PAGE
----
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TEXARKANA, Ark. –
Think about it, when was the last time your family sat down to a meal together. I’m
not referring to the big family meals we have at holidays, I am referring to all the
members who currently live in your household, sitting down at the table to enjoy an
everyday meal together. Chances are it has been too long. In our hurried lives, we
seem to have lost one of the most basic joys, that of family gathering around the
dinner table to discuss the day’s events.
Family meals are more than just food, they are a time for families to connect and
share their lives. Conversation and laughter around the table builds relationships,
family unity, and helps children become stronger, smarter, and healthier. Family meals
have been associated with better grades, less risk-taking behaviors, more polite children,
positive emotional well-being, and healthier diets.
It is important to make family meals a priority. Plan ahead and involve family members
in both what you will have and in preparation of the meal; whether it is setting the
table, or helping prepare the meal. Make it a point to sit down and eat together.
Meals can be more organized and, therefore, more nutritious. Be flexible, there is
no rule that says dinner has to be served at 6:30. If your family has a busy night,
have nutritious snacks on hand to hold them over until meal time. Then when all family
members can gather at the same time, enjoy one another’s company, and eat healthy
and delicious food.
Turn off the television, cell phones, computers, and iPads, to reduce competition
with outside sources and promote meaningful conversations. Talk with one another,
listen, and laugh. Mealtime is a time to bond and grow closer to family members.
Family meals can support nutrient-rich meals by encouraging family members to try
new foods, increasing the amount of fruits and vegetables being consumed, supporting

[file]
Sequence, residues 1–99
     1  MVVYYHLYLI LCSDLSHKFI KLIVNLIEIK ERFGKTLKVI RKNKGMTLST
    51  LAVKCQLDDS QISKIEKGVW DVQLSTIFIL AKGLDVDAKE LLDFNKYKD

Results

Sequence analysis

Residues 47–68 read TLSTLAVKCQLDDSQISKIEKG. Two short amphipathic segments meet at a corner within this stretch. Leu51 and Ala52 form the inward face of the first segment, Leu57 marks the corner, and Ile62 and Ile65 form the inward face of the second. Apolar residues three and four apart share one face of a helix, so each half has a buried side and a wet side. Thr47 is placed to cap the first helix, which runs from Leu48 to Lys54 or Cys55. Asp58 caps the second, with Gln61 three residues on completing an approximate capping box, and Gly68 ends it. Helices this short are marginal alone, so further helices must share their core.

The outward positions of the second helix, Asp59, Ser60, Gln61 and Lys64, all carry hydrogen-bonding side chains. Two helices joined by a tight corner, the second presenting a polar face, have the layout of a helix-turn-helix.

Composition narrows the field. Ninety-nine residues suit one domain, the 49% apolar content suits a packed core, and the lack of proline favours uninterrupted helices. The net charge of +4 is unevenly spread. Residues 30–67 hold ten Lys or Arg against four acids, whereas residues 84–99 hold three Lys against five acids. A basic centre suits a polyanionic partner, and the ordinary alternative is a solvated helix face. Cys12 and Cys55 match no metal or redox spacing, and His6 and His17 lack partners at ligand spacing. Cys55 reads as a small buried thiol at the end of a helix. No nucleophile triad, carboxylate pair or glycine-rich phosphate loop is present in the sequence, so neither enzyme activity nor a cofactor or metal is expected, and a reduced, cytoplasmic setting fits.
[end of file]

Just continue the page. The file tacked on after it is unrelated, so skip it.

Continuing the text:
habits for a healthy body weight, and developing positive lifelong eating habits.
Start this week by having everyone gather for a tasty meal at least once and continue
to plan for family meals. Soon they may become a family tradition.
For more information on serving your family healthy meals at mealtime, contact the
University of Arkansas Division of Agriculture in Miller County at 400 Laurel Suite
215 in Texarkana, call 870-779-3609, fax 870-773-3471, email me at email@example.com. Follow me on Facebook at www.facebook.com/ MillerCountyFCS or Twitter #CarlaMHaley or http://uaex.uada.edu/counties/miller/
If you think you are not a fan of brussel sprouts, try this recipe. It transforms
the little cabbages into a tasty side dish with a different texture.
Not Your Ordinary Brussel Sprouts
1 pound Brussel sprouts, stem ends trimmed
1 tablespoon lemon juice
1 tablespoon olive oil
1 garlic clove, minced
1/2 teaspoon salt
1/2 teaspoon lemon zest
1 teaspoon poppy seeds
1/4 cup chicken stock
Wash hands with warm, soapy water. Finely chop brussels sprouts. Put brussels sprouts
in a bowl and toss with lemon juice. This helps the sprouts keep their bright color.
Chill several hours until you are ready to cook them or use immediately. Heat oil
in pan over medium heat. Cook the brussel sprouts for 2 minutes. Add the salt, garlic,
zest, and poppy seeds. Cook an additional 2 minutes. Pour in the chicken stock and
cook for another minute. Serves 6.
By Carla Haley-Hadley County Extension Agent - FCSThe Cooperative Extension ServiceU of A System Division of Agriculture
Media Contact: Carla Haley-Hadley County Extension Agent - FCSU of A Division of AgricultureCooperative Extension Service400 Laurel Street, Suite 215 Texarkana AR 71854 (870) 779-3609 firstname.lastname@example.org
The Arkansas Cooperative Extension Service is an equal opportunity/equal access/affirmative
action institution. If you require a reasonable accommodation to participate or need
materials in another format, please contact your County Extension office (or other
appropriate office) as soon as possible. Dial 711 for Arkansas Relay. The Arkansas Cooperative Extension Service offers its programs to all eligible persons
regardless of race, color, sex, gender identity, sexual orientation, national origin,
religion, age, disability, marital or veteran status, genetic information, or any
other legally protected status, and is an Affirmative Action/Equal Opportunity Employer.